CAMBRIDGE, Mass. -- DBS Bank of Singapore, one of the largest banks in Asia, ties 20% of group compensation to how well the group drives digital adoption across its customer base. At General Electric, company leaders spend four hours each month with CEO Jeff Immelt reviewing every digital process and product. BNY Mellon, which traces its roots to 1784, is building digital capability by translating 1,700 legacy applications into 170 business services that can be reused and repackaged to build new digital products. The born-digital software-as-a-service pioneer, Salesforce.com, instruments its business processes to understand exactly how they're being used and by whom in order to make continuous improvements.
Who said digital transformation is an empty catchphrase?
At this week's MIT Sloan CIO Symposium, IT leaders at these four companies and others provided evidence that digital business transformation -- while by no means easy -- is getting real. Across industries, a digital playbook is emerging with tools and tactics that promise to help companies excel in an economy where the old analog business model is increasingly an albatross, not an asset.
Among the to-do's in this emerging digital playbook: Develop metrics and incentives that drive digital capability and engagement; build API-enabled technology platforms; adopt agile and iterative approaches to everything; and have a top-down commitment to digital transformation and a bottom-up belief that good ideas are key, no matter where they come from.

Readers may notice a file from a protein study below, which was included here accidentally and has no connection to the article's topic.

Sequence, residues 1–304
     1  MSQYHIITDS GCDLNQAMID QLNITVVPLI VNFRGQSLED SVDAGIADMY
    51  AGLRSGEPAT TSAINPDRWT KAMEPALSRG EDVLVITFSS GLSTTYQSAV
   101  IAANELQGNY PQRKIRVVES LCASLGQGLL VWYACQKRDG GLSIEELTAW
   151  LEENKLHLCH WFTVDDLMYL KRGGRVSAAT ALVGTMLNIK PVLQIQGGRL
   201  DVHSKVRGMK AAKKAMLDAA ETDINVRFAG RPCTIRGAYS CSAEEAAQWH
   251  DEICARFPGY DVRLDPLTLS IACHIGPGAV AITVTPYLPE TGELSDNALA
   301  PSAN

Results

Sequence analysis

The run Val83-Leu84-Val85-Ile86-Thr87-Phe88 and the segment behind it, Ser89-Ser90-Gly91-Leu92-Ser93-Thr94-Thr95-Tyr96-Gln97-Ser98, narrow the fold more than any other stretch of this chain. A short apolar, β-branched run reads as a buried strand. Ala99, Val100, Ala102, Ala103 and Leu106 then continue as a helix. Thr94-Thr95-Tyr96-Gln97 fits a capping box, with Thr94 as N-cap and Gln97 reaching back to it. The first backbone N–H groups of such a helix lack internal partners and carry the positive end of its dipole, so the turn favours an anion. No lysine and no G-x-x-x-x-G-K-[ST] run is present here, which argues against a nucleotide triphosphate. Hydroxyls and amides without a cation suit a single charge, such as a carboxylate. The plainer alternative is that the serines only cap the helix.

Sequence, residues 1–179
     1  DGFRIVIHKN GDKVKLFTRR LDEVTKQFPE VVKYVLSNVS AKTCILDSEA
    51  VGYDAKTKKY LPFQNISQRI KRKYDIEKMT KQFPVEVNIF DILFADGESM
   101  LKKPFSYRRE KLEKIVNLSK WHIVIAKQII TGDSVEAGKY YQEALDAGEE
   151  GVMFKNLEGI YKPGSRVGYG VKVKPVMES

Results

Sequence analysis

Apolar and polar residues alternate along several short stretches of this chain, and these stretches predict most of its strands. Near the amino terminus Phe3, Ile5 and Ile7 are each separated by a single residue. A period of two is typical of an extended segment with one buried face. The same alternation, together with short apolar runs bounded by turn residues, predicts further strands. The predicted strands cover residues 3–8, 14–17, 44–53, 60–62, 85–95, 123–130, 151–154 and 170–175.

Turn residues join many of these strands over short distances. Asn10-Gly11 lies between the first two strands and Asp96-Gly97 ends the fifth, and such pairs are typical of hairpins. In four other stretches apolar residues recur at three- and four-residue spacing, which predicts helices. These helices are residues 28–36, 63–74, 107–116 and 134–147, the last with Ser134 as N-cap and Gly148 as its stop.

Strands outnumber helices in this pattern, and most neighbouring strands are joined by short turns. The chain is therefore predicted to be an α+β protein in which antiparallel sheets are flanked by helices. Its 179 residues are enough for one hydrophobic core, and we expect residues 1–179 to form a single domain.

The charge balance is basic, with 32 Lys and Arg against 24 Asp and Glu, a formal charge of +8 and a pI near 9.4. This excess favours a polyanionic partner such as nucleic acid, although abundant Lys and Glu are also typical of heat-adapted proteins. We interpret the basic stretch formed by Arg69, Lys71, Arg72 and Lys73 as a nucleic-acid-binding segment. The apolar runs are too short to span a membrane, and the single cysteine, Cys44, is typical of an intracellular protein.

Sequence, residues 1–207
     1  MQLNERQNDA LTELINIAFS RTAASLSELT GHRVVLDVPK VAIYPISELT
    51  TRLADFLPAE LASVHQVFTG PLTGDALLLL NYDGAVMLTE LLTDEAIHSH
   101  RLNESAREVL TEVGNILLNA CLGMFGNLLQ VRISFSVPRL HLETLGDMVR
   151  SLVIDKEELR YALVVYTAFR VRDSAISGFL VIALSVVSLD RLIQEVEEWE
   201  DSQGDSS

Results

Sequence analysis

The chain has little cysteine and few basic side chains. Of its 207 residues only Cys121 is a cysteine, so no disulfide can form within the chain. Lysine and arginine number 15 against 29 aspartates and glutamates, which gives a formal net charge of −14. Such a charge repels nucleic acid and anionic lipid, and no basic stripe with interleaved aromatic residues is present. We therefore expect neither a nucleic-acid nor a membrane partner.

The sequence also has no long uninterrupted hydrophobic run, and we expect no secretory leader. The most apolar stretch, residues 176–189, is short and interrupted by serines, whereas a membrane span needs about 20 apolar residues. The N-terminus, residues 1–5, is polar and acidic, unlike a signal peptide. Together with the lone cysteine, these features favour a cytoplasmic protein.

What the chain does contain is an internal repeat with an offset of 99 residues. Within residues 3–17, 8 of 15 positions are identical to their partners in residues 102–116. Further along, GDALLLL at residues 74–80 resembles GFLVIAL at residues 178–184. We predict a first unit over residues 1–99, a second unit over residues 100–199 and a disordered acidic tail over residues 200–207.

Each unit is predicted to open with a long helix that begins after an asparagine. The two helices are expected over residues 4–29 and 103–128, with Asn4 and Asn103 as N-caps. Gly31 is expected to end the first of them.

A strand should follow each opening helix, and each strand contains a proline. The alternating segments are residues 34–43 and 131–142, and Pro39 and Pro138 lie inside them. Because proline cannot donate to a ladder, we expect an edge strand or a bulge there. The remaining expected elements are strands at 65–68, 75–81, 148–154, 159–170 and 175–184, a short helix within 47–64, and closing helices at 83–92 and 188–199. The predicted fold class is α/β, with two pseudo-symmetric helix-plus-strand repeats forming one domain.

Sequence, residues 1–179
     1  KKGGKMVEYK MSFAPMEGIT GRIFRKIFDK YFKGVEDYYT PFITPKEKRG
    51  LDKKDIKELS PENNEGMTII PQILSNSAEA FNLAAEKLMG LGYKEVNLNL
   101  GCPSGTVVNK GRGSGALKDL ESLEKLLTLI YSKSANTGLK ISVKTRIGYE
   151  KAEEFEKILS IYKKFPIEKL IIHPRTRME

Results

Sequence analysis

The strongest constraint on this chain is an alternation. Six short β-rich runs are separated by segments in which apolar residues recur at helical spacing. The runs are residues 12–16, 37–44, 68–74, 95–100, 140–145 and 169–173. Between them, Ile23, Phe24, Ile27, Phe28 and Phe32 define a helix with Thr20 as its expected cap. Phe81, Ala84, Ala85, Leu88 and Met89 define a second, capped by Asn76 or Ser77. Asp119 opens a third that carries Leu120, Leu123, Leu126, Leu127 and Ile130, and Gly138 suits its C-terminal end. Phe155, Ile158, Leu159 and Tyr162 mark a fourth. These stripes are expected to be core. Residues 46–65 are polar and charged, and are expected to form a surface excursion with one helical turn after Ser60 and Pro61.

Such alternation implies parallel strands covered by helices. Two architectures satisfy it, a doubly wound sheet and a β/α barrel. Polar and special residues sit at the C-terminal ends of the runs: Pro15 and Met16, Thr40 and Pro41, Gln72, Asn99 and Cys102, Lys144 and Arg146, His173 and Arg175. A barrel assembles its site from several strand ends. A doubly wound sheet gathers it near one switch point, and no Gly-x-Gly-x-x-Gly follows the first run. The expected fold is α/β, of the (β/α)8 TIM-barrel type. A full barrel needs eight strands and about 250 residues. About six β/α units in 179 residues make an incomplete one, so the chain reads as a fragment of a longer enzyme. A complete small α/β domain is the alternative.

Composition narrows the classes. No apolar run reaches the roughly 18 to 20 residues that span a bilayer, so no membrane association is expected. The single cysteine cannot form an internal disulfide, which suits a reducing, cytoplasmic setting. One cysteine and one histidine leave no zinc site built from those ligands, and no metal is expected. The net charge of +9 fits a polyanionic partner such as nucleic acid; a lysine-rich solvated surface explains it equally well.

Along with the tactics that companies are deploying in their business transformation journeys, there is a growing body of research -- MIT Sloan School of Management research, I should say -- showing that building digital capability has bottom-line implications. According to Peter Weill, chairman of the MIT Sloan Center for Information Systems Research (CISR) and the moderator of the event's kick-off panel, net margins at companies that are "future ready" -- that have achieved digital transformation -- are 16 percentage points above those of companies that have not taken the plunge.
"So if the industry average margin is 10, the future-ready companies are 26. That really raises the stakes for digital transformation," Weill said.
In its work with more than 400 firms on measuring digital business transformation, MIT's CISR has found that the margin premium is the result of changes along two dimensions, Weill said: customer experience and operational efficiency. Traditional companies start out in the "silos and spaghetti" position: They are product-driven; have a complex landscape of process, systems and data; and perform via heroics.
"When they achieve greatness ... it is through the heroics of people," Weill said, citing as an example "an amazing piece of heroics" by a teller at his bank. "She managed to do 150 keystrokes and mouse movements to change the address on the five accounts of an elderly customer while talking about the weather and the sports team."
Future-ready companies are ambidextrous, Weill said, "meaning that with one hand they can push costs out every year ... and with the other they can innovate to improve the customer experience." Data is always treated as a strategic asset. The digital playbook includes a few ways to get companies there, he said, including "building a skin across the silos to give the customer an integrated experience." Companies can also move forward by identifying the things they do best -- their "crown jewels" -- and use APIs to make these services "available internally and externally." Future-ready companies are innovative and low cost, provide a great customer experience, are modular and agile and build ecosystems.